Tag Archives: dmv

How to: Verifying CPU Pressure via Signal Wait Time

Use the following query to verify the CPU pressure via signal wait time through MS SQL Server Management Studio.

USE master
SELECT SUM(signal_wait_time_ms) AS TotalSignalWaitTime ,
( SUM(CAST(signal_wait_time_ms AS NUMERIC(20, 2)))
/ SUM(CAST(wait_time_ms AS NUMERIC(20, 2))) * 100 )
AS PercentageSignalWaitsOfTotalTime
FROM sys.dm_os_wait_stats


How to: Find Last Restart of SQL Server

Method-1: Checking SQL Server Error Log
First time stamp in the SQL Server Error Log can be treated as the time when SQL Server service was restarted.

sp_readerrorlog 0,1,'Copyright (c)'

Method-2: Using sys.dm_os_sys_info DMV

Starting SQL Server 2008, sys.dm_os_sys_info DMV has a column named sqlserver_start_time. This column as the name suggests stores the time when SQL Server was restarted.

SELECT sqlserver_start_time FROM sys.dm_os_sys_info

Note: Method-2 was removed by Microsoft due to internal formatting issue. Internally the SQL start time is stored as tick count from machine boot (displayed in the sqlserver_start_time_ms_ticks column). During the conversion from tick count to a SQL Datetime the precision of the conversion is rounded off at 1 second rather than 1 ms. According to Micrsoft, this issue will be addressed in a future release of SQL Server. (Source: http://connect.microsoft.com/SQLServer/feedback/details/367663/sqlserver-start-time-not-persistent)

Method-3: Start time of the Default Trace
The Default Trace is started when the SQL Server is started. The start_time of this trace can also be taken as the time when the SQL Server service was restarted.

select start_time from sys.traces
where is_default = 1

Method-4: Creating date of tempdb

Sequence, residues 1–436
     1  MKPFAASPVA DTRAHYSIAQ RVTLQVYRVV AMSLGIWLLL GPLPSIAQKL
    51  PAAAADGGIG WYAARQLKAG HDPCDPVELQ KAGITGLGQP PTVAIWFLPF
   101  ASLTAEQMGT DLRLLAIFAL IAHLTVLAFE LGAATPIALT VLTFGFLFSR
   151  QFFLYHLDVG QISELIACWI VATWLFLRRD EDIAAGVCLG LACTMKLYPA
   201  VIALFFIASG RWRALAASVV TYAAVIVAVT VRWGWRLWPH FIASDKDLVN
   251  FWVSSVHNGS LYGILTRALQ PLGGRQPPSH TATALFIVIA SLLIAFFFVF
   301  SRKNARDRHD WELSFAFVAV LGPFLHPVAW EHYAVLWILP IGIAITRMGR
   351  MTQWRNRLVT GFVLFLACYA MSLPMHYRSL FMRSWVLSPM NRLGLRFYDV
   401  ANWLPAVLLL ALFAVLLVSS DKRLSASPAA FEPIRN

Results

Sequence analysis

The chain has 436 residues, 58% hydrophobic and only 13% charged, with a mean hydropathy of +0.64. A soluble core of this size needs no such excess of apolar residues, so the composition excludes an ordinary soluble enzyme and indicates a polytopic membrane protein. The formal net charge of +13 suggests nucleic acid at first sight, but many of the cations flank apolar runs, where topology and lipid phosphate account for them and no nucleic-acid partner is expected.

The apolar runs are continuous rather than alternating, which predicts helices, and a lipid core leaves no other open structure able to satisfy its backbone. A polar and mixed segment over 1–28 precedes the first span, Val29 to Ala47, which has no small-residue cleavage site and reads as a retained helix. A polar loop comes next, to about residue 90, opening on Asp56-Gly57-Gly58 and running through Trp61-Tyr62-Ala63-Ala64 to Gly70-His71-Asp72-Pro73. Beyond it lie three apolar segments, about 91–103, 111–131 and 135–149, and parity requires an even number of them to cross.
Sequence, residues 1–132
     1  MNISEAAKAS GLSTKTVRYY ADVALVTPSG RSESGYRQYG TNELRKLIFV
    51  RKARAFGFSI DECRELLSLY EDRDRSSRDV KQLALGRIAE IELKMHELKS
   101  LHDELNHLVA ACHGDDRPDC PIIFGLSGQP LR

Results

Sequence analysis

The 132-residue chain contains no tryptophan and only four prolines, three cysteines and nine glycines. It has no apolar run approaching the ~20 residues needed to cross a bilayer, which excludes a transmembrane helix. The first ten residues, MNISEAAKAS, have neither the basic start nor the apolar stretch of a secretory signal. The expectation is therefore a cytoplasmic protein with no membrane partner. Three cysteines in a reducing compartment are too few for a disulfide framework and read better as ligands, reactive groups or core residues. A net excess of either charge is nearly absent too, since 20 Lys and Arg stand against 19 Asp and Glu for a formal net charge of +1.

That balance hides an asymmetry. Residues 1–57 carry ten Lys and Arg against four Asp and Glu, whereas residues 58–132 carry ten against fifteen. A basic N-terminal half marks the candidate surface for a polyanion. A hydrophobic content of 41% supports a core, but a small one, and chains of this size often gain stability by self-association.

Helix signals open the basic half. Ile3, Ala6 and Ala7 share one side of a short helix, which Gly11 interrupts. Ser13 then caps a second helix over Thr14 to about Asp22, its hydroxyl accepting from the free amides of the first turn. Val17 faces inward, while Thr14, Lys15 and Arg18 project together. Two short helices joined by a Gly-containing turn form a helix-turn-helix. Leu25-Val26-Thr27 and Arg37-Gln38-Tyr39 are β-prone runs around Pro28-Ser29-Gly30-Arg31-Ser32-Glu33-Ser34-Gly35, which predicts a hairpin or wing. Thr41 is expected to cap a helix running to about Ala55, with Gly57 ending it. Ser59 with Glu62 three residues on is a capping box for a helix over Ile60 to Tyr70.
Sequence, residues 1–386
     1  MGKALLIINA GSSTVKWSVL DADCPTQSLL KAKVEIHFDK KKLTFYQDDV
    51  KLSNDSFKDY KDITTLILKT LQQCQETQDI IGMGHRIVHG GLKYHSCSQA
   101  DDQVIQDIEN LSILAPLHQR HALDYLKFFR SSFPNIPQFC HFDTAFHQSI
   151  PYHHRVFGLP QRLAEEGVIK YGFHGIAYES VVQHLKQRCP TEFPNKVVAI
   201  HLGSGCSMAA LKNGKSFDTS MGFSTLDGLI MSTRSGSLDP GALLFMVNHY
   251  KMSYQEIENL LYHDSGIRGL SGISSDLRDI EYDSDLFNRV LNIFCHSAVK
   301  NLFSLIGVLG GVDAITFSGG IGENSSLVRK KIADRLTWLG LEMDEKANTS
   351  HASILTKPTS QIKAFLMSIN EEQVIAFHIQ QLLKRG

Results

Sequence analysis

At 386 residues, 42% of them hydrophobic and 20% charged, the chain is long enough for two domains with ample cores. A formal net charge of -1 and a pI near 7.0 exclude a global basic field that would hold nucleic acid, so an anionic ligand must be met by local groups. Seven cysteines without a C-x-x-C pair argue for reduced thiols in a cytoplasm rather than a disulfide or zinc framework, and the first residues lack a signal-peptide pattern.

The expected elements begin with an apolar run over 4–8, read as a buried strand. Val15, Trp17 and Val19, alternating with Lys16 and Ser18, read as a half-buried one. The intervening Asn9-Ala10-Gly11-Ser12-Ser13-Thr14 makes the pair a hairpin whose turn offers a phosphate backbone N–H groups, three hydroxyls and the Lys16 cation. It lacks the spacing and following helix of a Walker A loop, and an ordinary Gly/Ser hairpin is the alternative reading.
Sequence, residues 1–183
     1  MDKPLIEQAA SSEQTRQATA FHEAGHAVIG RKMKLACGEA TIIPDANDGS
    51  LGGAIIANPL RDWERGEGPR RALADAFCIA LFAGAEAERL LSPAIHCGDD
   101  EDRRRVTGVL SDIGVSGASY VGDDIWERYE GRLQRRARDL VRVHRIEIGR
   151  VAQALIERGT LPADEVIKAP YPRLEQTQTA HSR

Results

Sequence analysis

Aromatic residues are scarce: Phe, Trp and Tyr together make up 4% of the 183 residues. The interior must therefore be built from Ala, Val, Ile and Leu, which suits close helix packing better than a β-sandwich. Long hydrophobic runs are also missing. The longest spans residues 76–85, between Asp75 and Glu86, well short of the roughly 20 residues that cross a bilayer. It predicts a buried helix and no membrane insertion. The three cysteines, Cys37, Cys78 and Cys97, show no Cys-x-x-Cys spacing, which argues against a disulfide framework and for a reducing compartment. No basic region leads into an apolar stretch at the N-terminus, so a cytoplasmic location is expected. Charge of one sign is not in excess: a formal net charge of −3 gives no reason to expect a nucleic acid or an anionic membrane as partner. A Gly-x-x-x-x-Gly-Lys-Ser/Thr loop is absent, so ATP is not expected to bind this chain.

The creation date of tempdb database will also be the time when SQL Server service was restarted. This is because the tempdb database is re-created whenever the SQL Server service starts up.
SELECT create_date FROM sys.databases
WHERE name = ‘tempdb’

What is: DMV (Dynamic Management Views) and Functions

Dynamic Management View (DMV) and functions return server state information that can be used to monitor the health of a server instance, diagnose problems, and tune performance.

DMVs and functions are divided into two types:

  • Server-Scope. These require VIEW SERVER STATE permission on the server.
  • Database-Scope. These require VIEW DATABASE STATE permission on the database.

For the record, there are a total of 136 DMVs and functions available in SQL Server 2008 R2. Let execute the T-SQL scripts below to obtain the list.

--Get a list of grouped DMVs
	name as [DMV/DMF Name],
	type_desc as [Type],
	[GroupName] =
		WHEN name LIKE 'dm_exec%' THEN 'Query/Session Execution'
		WHEN name LIKE 'dm_os%' THEN 'SQL Server Operating System'
		WHEN name LIKE 'dm_io%' THEN 'Disk I/O'
		WHEN name LIKE 'dm_tran%' THEN 'Database Transactions and locks'
		WHEN name LIKE 'dm_db_%index%' THEN 'Indexes'
		WHEN name LIKE 'dm_db%' THEN 'Database and database objects'
		WHEN name LIKE 'dm_db_mirror%' THEN 'Database Mirroring'
		WHEN name LIKE 'dm_resou%' THEN 'Resource Governor'
		WHEN name LIKE 'dm_clr%' THEN 'CLR based'
FROM sys.system_objects
WHERE name LIKE 'dm[_]%'

The DMVs and functions have been organized into several categories, please visit BOL for more information.

Also, you can download the detailed system views map from Microsoft download, which shows the key views involved and relationship between them.